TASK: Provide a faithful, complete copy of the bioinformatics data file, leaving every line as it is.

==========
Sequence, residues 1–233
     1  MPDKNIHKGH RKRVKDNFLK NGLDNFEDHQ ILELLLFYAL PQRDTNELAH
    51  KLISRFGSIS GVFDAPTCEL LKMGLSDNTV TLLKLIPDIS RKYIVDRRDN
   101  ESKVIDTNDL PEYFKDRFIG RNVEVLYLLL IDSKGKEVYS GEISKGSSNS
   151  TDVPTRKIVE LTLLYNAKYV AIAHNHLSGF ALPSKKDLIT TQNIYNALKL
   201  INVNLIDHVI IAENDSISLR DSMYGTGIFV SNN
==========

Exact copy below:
Sequence, residues 1–233
     1  MPDKNIHKGH RKRVKDNFLK NGLDNFEDHQ ILELLLFYAL PQRDTNELAH
    51  KLISRFGSIS GVFDAPTCEL LKMGLSDNTV TLLKLIPDIS RKYIVDRRDN
   101  ESKVIDTNDL PEYFKDRFIG RNVEVLYLLL IDSKGKEVYS GEISKGSSNS
   151  TDVPTRKIVE LTLLYNAKYV AIAHNHLSGF ALPSKKDLIT TQNIYNALKL
   201  INVNLIDHVI IAENDSISLR DSMYGTGIFV SNN